Dear donors, since the middle of December, we have seen a significant decrease in the number of confirmed COVID-19 cases in Germany until the end of February. However, until now the Fever Monitor has continued to deviate from the case counts starting around the beginning of the new year. In this post, we will try to explain why we think this happened and introduce to you our updated algorithm.
To recap: The Datenspende fever detection algorithm uses resting heart rate and daily step count data from fitness-tracking devices to identify patterns that are characteristic of fever symptoms. We know that increased resting heart rate in addition to decreased physical activity can be indicative of fever, so our algorithm is designed to establish baseline levels of these metrics for every individual and detect deviations from them. When a person’s resting heart rate is significantly elevated at the same time that their daily step count is significantly decreased relative to a threshold defined by how much their measurements tend to vary, a detection is triggered. The fever monitor represents the overall rate of detections across all users over time.
Because fever is one of the core symptoms of COVID-19, the official case counts have been the primary point of reference for our fever detection curves. However, the goal of the data-donation project algorithm is to provide an estimate of the current fever incidence in the population, not to replicate the COVID-19 case counts. Fever can be caused by other illnesses, such as the flu and respiratory infections. However, the strong, observed deviation can not be explained by other sources of fever alone.
During the summer of 2020, a sudden heatwave caused an initial decrease in heart rate followed by a large spike, while activity levels remained rather stable. This challenged the algorithm because the baseline period was defined as a few weeks beforehand. After the drop in heart rate, suddenly all measurements were way above their baseline. Now, it seems the other way around. After a sudden drop in heart rate and activity levels following the start of the lockdown, step counts have been gradually increasing since the beginning of the year, while the resting heart rate has been relatively unchanged. Take a look at the averages over time:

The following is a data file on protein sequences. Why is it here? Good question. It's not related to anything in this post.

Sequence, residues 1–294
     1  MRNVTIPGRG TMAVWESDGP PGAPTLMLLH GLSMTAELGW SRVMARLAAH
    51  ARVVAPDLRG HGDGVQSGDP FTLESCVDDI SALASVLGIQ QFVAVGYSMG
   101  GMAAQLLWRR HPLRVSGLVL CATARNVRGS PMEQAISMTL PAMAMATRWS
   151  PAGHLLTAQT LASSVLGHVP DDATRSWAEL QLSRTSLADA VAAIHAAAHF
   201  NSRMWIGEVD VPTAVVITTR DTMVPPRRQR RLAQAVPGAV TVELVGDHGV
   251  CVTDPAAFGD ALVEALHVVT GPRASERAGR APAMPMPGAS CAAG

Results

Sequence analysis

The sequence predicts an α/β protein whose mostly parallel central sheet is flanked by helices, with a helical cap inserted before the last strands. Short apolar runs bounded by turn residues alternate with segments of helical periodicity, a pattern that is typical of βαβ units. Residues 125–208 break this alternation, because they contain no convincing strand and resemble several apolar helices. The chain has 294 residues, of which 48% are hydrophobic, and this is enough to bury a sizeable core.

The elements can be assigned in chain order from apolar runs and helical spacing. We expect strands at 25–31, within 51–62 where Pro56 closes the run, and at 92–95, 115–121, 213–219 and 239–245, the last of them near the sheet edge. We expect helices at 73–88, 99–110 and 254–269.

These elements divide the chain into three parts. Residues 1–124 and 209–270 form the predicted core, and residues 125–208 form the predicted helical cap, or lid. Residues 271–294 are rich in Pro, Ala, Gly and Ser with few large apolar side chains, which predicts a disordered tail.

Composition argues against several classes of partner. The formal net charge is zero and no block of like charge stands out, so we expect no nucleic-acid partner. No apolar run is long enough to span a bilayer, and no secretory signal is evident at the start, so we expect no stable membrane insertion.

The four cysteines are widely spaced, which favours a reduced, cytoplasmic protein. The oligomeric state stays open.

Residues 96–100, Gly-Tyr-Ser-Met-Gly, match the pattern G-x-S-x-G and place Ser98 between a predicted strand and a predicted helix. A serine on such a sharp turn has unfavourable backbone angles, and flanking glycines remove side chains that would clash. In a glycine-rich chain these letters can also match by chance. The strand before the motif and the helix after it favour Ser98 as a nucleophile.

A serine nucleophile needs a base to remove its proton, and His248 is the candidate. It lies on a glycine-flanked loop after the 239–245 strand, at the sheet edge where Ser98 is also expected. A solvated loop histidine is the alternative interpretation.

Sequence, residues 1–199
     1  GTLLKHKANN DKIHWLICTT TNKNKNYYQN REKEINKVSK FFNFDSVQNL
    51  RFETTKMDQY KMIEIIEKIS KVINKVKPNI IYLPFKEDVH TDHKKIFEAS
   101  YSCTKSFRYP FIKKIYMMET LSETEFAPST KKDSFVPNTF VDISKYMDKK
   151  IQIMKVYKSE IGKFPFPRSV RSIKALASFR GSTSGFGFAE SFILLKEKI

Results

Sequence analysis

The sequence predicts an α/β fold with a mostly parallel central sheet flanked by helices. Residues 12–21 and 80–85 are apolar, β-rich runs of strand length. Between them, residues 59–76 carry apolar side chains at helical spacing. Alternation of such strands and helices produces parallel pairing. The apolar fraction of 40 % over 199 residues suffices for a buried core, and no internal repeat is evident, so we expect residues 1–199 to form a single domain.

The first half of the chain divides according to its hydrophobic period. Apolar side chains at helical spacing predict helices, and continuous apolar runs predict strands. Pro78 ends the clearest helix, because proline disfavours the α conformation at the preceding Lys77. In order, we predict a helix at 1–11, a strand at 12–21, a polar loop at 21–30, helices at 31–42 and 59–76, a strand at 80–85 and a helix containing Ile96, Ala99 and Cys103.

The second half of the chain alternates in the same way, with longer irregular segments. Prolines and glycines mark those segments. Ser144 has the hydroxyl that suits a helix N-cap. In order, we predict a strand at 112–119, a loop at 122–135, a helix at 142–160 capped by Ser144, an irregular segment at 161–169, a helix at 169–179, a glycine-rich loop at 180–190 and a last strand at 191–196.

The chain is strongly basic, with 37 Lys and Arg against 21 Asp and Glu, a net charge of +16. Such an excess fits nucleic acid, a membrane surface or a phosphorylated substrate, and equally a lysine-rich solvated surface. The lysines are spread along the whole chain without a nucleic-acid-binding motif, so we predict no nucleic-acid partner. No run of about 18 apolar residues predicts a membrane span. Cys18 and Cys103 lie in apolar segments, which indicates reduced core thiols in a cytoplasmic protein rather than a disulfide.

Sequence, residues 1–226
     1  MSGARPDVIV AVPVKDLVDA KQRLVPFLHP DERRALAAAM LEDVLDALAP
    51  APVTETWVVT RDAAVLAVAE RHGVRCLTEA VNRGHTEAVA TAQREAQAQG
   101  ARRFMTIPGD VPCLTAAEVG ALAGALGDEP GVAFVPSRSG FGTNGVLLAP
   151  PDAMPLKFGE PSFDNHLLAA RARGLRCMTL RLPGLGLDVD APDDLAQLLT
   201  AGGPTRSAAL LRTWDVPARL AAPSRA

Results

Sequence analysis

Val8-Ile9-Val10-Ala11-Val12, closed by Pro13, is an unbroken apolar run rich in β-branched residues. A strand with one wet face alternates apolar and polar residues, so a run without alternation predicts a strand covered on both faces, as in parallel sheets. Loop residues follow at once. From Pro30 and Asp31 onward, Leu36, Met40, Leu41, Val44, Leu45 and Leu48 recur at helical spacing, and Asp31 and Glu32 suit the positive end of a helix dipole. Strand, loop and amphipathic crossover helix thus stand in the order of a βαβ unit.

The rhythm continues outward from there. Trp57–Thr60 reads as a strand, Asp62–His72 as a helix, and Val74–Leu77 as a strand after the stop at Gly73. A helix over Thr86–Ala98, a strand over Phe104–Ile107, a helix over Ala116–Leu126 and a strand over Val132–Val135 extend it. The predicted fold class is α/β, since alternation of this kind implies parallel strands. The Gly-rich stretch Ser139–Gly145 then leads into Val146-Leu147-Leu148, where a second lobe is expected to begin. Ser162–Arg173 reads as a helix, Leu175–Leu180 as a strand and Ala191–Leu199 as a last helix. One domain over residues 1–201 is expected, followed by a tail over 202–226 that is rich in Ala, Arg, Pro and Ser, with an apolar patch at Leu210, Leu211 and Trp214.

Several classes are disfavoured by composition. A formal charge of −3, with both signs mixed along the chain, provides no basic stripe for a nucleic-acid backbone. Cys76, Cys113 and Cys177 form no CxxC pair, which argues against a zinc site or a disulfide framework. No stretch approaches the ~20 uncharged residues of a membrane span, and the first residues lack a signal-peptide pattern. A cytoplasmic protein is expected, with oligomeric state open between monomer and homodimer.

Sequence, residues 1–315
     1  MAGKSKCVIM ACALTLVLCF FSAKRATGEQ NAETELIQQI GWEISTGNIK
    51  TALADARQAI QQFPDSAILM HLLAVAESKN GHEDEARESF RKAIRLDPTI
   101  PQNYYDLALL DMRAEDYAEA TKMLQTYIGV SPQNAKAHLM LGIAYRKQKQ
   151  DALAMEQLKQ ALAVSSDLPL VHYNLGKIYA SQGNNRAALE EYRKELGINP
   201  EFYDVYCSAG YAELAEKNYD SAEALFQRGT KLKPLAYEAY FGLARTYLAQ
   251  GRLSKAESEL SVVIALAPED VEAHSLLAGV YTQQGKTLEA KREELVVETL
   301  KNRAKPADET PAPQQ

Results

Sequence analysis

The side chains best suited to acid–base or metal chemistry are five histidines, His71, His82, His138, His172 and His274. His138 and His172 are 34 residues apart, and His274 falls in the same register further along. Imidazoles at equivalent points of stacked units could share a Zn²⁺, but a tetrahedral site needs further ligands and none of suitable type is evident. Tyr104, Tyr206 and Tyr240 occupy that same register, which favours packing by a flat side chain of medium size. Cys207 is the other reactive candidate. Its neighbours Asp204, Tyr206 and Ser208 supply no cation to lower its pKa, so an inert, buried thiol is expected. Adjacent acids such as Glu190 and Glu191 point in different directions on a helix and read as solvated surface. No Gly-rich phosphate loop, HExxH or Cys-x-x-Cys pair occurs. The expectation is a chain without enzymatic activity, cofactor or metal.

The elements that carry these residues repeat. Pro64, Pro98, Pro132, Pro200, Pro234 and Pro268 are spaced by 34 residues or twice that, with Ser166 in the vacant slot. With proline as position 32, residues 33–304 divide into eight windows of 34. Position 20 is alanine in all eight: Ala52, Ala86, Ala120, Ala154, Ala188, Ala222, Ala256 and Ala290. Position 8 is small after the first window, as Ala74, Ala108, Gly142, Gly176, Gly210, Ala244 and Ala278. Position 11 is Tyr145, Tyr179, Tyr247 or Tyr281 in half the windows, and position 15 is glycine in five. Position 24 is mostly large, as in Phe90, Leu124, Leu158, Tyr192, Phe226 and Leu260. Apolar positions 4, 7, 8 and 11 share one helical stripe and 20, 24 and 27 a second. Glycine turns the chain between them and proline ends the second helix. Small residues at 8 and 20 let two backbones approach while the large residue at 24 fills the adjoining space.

To fix our summer anomaly, we implemented both a normalization to combat abnormal weather effects as well as a longer baseline period for the heart rate. Why the longer baseline period? With the short baseline, brief deviations due to external factors significantly affect this baseline, which, overall, is relatively stable, as you can see in the figure above. Then why are we facing this problem now?
In the figure showing the step count over time, you can see a long sine wave pattern corresponding to the different seasons. Our longer baseline doesn’t work in this case because, in the winter months, everyone tends to have a lower step count, which, as stated above, is one of the key factors of our algorithm. These changes aren’t due to abnormalities, but a distinct seasonal change spanning multiple months. Thus, if we compare this week’s step count to the one you had 3 months ago, you will likely see a strong deviation. But what if we only looked a few weeks back? This would give a more accurate idea of one’s current activity levels and be able to better detect quick deviations from it.
So we changed exactly that. We shortened the length of time for computing the baseline for step count while keeping the long baseline for heart rate. We also put a stronger weight on heart rate, as it is our primary measure and our detections should reflect this. As a result, the fever detection algorithm no longer is affected by external conditions and now aligns much better with the COVID-19 case counts:
The data-donation project is the first of its kind, so it has a strong experimental component and requires occasional improvements of underlying algorithms. In the weeks to come, we expect that additional modifications of the algorithm will become necessary as we refine our methods more and more. Some of you have noticed we removed the individual curves for the federal states. We took this step because we wanted to focus on correcting the trend for the nationwide curve first. We still have the plan to provide regional curves in the future again, but we probably have to aggregate some of the lower population states. If under a certain limit of donors per region, the detection rate turns out to be skewed and does not provide the necessary level of information we intend to share.